Risks, Opportunities, and Investment in the Era of Climate Change
On March 4, I joined alumni at Harvard Business School’s Program on Business and The Environment to discuss climate risk to investment value and consider what can be done about it. Speakers came from as far away as Japan (Hiro Mizuno, CIO of Japan Government’s $1.6 trillion Pension Investment Fund) and as close by as Boston (Ron O’Hanley, CEO of State Street Corporation, a national leader in ESG investment and their investment division is the world's third largest asset manager). I was encouraged by the ‘multi-generational’ investment horizon of Japan’s Government Pension Fund, and by Mr. O’Hanley’s consideration of climate risk to State Street Corporation’s investors, as well as the corporation itself and its broader community.
Robert Litterman (Risk Committee Chair of Kepos Capital and board member of Resources for the Future, Climate Leadership Council, and WWF) reminded us that the role of risk management is to price in worst-case scenarios. He has studied approaches and benefits to putting a price on carbon to accelerate a transition away from fossil fuels, which is recommended by the Climate Leadership Council comprised of industry and investment leadership (for additional information, the World Bank provides overview of carbon pricing instruments). By pricing climate risk, the capital markets drive industry transitions toward a future that will benefit both economies and communities. As described in this article in Financial Times, there may be transitional risk in regards to stranded assets.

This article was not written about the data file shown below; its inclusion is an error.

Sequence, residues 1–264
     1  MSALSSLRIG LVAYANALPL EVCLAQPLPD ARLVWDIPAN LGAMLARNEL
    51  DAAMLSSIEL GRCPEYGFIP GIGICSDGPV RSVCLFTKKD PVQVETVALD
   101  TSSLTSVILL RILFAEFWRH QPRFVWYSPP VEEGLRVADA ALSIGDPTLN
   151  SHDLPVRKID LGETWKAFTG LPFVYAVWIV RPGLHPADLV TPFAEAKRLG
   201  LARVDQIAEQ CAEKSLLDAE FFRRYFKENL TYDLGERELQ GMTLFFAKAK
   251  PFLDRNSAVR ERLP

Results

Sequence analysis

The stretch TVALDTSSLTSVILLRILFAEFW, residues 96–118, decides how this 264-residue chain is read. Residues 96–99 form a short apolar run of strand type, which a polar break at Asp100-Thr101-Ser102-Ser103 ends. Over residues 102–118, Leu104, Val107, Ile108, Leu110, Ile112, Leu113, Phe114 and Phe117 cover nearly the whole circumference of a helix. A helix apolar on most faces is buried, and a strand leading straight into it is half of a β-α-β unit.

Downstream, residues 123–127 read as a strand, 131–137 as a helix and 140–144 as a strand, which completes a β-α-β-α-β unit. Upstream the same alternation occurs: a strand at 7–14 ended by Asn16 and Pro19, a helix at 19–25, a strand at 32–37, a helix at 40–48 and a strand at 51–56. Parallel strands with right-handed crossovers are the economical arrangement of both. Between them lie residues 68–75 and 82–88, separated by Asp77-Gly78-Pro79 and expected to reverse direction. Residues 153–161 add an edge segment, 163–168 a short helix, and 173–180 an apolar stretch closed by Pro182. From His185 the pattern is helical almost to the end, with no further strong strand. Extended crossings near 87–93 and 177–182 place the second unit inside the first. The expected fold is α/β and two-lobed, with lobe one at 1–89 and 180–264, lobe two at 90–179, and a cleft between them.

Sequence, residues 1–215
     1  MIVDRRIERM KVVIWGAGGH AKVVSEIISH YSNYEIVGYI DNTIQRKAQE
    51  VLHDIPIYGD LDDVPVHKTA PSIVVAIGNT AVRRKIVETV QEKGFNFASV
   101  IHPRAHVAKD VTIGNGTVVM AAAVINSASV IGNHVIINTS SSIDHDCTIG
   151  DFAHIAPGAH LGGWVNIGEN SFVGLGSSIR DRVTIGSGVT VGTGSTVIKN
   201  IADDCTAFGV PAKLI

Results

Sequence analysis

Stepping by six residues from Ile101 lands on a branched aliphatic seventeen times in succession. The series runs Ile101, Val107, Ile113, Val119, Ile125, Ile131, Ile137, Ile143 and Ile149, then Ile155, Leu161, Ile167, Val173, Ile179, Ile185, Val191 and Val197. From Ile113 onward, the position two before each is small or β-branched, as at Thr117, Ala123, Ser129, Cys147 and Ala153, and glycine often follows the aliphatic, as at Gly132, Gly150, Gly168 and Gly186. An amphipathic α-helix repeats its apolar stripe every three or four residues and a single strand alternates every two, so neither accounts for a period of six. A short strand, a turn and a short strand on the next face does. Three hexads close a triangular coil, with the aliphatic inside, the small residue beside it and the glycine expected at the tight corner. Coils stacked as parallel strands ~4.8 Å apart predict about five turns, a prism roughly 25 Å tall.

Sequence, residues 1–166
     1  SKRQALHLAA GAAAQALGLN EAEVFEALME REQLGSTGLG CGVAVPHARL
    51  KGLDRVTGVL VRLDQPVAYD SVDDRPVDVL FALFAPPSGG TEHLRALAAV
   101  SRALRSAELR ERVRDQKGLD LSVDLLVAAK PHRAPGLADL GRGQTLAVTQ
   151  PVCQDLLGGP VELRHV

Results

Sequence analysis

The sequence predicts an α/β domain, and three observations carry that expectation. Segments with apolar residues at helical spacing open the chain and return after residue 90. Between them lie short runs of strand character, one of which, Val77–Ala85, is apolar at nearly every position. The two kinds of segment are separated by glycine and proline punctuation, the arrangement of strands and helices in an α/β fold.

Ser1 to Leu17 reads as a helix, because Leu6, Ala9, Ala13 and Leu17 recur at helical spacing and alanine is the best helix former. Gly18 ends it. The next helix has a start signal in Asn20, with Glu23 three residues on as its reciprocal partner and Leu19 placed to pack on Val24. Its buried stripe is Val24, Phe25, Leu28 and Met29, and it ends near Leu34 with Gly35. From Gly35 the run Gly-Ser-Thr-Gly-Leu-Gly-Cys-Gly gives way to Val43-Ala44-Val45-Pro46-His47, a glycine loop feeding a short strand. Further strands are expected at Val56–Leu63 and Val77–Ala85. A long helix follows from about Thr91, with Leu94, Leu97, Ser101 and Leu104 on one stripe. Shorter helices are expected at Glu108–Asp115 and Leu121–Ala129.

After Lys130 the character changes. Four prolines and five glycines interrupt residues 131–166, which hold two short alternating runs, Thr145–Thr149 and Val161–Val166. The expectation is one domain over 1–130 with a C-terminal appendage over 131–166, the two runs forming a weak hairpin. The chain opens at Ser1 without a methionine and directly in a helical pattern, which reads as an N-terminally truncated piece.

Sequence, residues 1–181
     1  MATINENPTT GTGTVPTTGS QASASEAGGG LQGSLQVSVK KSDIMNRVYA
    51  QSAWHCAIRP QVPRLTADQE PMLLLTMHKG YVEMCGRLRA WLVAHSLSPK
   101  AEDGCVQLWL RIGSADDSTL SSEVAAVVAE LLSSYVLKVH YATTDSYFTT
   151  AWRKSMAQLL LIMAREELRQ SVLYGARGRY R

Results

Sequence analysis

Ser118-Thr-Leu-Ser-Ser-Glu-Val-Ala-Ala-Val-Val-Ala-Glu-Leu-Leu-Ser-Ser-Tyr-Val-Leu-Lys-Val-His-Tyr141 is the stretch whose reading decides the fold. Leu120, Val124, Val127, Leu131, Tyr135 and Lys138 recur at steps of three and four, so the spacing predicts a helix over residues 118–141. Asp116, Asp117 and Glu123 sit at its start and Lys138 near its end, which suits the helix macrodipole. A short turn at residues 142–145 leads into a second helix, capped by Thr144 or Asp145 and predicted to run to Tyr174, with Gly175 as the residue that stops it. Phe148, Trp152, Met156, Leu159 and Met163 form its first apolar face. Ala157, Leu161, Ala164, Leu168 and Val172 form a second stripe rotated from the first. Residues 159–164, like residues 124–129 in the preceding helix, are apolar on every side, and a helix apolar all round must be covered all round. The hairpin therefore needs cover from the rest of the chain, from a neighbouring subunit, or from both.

The situation is urgent, as expressed in the recently released Climate Change Evidence and Causes Update from the Royal Society and U.S. NAS (National Academy of Sciences) which was coauthored by Greenleaf board member Dr. Don Wuebbles, a leading atmospheric scientist. Potential tipping points and high-risk abrupt changes (e.g. thawing of the permafrost) that could lead to dire consequences are not yet included in climate models but cannot be ruled out (NAS, 2020 question 19). Kevin Stiroh of the Federal Reserve Bank of New York spoke to physical and transitional risks facing financial markets. It is significant that financial regulators in the US are taking heed given the potential systemic risk to the economy. You can find Mr. Stiroh’s formal comments here.
To incorporate climate risk requires understanding the potential impacts of various climate scenarios across geographies as well as industry sectors. This enables individual and collective response for mitigation and adaptation via policies and practices. Greenleaf board member, Dr. Don Wuebbles, Atmospheric Scientist at the University of Illinois, is working with industry leaders and policymakers to understand and incorporate climate projections for downscaled scenarios.
The investment community is in a position of great influence to mitigate climate change to benefit society. Many also spoke of the need for public policy to protect our common interests. When private and public sectors engage collaboratively great progress can ensue, which on climate change is needed now.
John A. Andersen, Jr.